Now there are a ton of places and companies that make the parts for your loop. I went with EKWB, they make really high quality components and I wanted something that would last longer than a year (this watercooler didn’t even make it that long). Unfortunately they are not US based so the parts won’t be here for about two weeks so the computer repair can’t happen until then. Since it should be said, I’m not sponsored or anything by EKWB. They don’t even know that I exist really, but they make good hardware so I recommend them.
I didn’t order the tubing from EKWB, that I got from Corsair. There are two main kinds of tubing, acrylic and PETG, both have pluses and minuses. Acrylic is easier to work with, but it is brittle. PETG is way outside of my skill level so I didn’t want to go that route, but I also didn’t want to deal with the brittleness of acrylic. I’ve worked with acrylic in other situations and I hated it, it’s almost glass like and it can (and does) shatter. Thankfully, there is now a third player in the hard tube game that is fairly easy to work with and that’s PMMA. PMMA is not as brittle and is easier to work with than PETG, so I went that route.
That’s basically the story as of now. The parts are ordered, so now we wait. As per the usual around here, I’m going to do a very detailed (possibly multiple post) walkthrough so anyone else who wants to do the same will have everything they need to know to do it. There’s a cost associated with all this (montiary and time), but it’s depressing so I don’t even want to think about how much I spent on this setup. Let’s just say your average AIO (all-in-one) watercooler runs anywhere from $250-$400ish depending on the bells and whistles you decide to get for it. This was easily two to three times more.
I already covered the advantages to going this route, so if the cost difference doesn’t scare you away then I highly recommend it. I’ve already had to swap out my AIO watercooler twice so assuming this one lasts more than two years then I’ll be saving money in the long run. You do need to drain and swap the coolant every year (or in some cases 6 months depending on who you ask and the type of coolant used), but that’s way easier than ripping out the whole AIO and putting in a new one every year or less. So short-term loss, long-term gain, or at least that’s how I want to see it.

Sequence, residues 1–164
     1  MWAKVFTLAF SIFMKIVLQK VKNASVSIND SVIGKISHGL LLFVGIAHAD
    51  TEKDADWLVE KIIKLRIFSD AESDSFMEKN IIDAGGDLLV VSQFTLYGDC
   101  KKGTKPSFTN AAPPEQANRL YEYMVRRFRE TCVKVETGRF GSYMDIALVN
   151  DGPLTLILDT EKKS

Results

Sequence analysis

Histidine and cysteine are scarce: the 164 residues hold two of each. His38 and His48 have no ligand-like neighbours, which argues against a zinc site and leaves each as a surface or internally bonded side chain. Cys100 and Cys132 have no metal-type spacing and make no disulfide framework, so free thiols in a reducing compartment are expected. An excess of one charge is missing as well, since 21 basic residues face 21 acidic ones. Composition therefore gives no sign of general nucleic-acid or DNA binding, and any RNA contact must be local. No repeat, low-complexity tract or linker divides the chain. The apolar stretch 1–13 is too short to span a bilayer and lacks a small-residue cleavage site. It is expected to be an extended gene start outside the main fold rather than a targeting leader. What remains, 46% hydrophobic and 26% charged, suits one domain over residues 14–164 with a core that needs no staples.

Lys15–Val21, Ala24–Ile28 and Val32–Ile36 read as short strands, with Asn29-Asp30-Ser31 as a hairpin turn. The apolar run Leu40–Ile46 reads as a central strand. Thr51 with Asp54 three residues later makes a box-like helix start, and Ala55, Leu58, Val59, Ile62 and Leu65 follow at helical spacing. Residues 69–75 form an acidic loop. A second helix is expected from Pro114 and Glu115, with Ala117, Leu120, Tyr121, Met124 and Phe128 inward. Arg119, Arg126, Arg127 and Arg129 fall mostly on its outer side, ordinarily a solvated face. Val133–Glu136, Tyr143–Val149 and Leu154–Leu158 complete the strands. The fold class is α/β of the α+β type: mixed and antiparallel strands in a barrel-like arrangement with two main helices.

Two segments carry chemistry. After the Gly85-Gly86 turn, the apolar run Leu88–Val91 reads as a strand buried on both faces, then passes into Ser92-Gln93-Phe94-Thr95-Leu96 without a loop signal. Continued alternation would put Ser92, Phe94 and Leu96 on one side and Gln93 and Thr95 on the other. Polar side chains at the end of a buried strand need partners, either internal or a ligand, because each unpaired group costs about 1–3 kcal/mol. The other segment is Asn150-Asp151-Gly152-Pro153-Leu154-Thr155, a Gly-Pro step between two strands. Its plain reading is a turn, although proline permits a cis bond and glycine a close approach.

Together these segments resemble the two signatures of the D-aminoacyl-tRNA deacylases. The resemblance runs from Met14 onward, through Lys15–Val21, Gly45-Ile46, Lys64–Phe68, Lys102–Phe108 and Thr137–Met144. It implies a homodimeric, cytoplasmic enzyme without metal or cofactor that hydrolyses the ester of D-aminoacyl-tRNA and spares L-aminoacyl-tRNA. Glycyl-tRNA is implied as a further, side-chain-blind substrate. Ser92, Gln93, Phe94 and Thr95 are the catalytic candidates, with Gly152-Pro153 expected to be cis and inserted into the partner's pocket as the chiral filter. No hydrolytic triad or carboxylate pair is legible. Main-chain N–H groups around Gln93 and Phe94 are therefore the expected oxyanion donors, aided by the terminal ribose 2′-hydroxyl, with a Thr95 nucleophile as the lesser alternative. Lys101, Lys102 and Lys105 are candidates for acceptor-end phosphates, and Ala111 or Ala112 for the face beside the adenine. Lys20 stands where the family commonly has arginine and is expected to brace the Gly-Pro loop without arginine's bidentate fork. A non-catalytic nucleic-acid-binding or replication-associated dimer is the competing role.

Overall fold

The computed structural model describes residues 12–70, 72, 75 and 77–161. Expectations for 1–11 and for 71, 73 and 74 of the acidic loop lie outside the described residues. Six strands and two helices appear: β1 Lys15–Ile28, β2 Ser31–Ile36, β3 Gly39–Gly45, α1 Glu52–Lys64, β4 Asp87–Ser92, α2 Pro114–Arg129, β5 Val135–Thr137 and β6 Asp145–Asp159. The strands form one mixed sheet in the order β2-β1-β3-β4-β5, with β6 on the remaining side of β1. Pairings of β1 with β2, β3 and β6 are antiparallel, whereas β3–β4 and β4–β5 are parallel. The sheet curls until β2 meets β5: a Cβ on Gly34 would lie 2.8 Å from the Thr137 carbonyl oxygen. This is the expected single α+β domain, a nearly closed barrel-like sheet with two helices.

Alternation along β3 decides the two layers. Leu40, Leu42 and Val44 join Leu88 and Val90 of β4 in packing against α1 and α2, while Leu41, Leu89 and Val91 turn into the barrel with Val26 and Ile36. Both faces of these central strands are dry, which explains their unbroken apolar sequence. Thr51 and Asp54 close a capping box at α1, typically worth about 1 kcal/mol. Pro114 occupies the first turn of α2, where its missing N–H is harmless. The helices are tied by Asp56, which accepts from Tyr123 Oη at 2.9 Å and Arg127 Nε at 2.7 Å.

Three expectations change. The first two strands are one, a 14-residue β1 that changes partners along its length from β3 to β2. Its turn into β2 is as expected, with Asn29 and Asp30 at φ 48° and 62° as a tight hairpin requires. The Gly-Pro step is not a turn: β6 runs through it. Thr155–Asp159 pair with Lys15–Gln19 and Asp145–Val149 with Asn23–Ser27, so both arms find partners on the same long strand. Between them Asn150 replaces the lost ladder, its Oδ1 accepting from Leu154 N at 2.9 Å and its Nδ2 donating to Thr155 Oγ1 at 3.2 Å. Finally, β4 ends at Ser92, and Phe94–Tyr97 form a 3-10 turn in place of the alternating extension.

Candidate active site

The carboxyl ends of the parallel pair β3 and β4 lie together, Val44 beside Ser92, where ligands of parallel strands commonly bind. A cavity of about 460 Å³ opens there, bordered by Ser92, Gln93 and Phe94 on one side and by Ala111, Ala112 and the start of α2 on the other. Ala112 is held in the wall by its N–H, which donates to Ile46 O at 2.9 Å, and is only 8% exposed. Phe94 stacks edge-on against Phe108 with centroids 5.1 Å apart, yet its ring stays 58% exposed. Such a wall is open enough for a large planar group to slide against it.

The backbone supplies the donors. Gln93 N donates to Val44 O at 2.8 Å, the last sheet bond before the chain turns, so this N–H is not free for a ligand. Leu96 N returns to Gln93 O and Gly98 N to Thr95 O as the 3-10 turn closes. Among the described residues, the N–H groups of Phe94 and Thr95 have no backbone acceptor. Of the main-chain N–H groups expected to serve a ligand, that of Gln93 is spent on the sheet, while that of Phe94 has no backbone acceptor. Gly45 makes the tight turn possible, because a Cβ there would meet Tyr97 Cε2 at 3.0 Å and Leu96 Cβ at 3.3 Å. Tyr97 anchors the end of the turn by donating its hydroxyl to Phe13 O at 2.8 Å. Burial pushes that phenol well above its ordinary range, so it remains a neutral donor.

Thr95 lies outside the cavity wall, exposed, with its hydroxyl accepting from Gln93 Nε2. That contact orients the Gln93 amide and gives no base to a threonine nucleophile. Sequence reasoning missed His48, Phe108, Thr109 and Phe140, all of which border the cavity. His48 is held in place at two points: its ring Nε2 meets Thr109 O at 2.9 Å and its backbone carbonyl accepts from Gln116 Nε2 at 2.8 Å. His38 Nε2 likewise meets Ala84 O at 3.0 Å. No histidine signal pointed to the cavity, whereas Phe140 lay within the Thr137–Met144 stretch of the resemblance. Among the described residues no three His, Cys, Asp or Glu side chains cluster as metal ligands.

For now I’m hoping the computer can limp along until everything gets here. I plan to do the build over a few days so I can take my time and do it right, but I also need that computer to do a lot of the stuff I’m working on currently. The next few weeks will be incredibly stressful as I keep an eye on the computer temp and try my best not to push it too hard. The temp right now seems to settle around 68 degrees Celsius, but that’s still right next to the maximum recommended temp and I’m assuming that the CPU is thermal throttling itself to protect the chip. This would explain why the computer has been stuttering and just running sluggishly. It should be sitting closer to 30-40 and 50-60 under load. Right now there’s no load and it’s already hitting its maximum operating temperatures.
Between the computer issues and work stuff, these few weeks are going to be outrageously stressful.